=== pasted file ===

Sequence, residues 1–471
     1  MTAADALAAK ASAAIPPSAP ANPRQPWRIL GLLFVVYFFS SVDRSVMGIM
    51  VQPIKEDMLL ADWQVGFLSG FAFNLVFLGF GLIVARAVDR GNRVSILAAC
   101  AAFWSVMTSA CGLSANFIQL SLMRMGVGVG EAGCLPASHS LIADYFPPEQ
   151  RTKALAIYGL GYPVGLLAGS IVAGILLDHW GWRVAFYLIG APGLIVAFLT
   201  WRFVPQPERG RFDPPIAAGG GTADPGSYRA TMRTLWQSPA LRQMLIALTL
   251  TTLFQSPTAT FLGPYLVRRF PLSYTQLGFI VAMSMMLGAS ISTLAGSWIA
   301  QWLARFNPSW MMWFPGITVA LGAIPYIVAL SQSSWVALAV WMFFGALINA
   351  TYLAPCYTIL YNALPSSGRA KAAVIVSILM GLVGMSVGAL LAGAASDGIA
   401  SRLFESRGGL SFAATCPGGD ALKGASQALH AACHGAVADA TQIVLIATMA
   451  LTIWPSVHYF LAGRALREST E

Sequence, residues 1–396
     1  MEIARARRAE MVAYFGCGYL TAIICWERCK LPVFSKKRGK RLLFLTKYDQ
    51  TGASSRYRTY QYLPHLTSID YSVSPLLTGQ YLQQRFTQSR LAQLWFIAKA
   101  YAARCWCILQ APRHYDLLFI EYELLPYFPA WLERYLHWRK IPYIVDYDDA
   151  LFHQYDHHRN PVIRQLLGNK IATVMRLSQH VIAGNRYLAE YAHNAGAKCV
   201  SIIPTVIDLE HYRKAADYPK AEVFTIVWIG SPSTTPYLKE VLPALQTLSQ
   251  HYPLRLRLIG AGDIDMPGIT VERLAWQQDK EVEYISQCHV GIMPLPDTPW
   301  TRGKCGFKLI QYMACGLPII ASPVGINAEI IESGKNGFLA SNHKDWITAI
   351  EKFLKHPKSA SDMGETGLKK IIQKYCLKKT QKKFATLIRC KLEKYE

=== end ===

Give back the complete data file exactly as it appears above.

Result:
Sequence, residues 1–471
     1  MTAADALAAK ASAAIPPSAP ANPRQPWRIL GLLFVVYFFS SVDRSVMGIM
    51  VQPIKEDMLL ADWQVGFLSG FAFNLVFLGF GLIVARAVDR GNRVSILAAC
   101  AAFWSVMTSA CGLSANFIQL SLMRMGVGVG EAGCLPASHS LIADYFPPEQ
   151  RTKALAIYGL GYPVGLLAGS IVAGILLDHW GWRVAFYLIG APGLIVAFLT
   201  WRFVPQPERG RFDPPIAAGG GTADPGSYRA TMRTLWQSPA LRQMLIALTL
   251  TTLFQSPTAT FLGPYLVRRF PLSYTQLGFI VAMSMMLGAS ISTLAGSWIA
   301  QWLARFNPSW MMWFPGITVA LGAIPYIVAL SQSSWVALAV WMFFGALINA
   351  TYLAPCYTIL YNALPSSGRA KAAVIVSILM GLVGMSVGAL LAGAASDGIA
   401  SRLFESRGGL SFAATCPGGD ALKGASQALH AACHGAVADA TQIVLIATMA
   451  LTIWPSVHYF LAGRALREST E

Sequence, residues 1–396
     1  MEIARARRAE MVAYFGCGYL TAIICWERCK LPVFSKKRGK RLLFLTKYDQ
    51  TGASSRYRTY QYLPHLTSID YSVSPLLTGQ YLQQRFTQSR LAQLWFIAKA
   101  YAARCWCILQ APRHYDLLFI EYELLPYFPA WLERYLHWRK IPYIVDYDDA
   151  LFHQYDHHRN PVIRQLLGNK IATVMRLSQH VIAGNRYLAE YAHNAGAKCV
   201  SIIPTVIDLE HYRKAADYPK AEVFTIVWIG SPSTTPYLKE VLPALQTLSQ
   251  HYPLRLRLIG AGDIDMPGIT VERLAWQQDK EVEYISQCHV GIMPLPDTPW
   301  TRGKCGFKLI QYMACGLPII ASPVGINAEI IESGKNGFLA SNHKDWITAI
   351  EKFLKHPKSA SDMGETGLKK IIQKYCLKKT QKKFATLIRC KLEKYE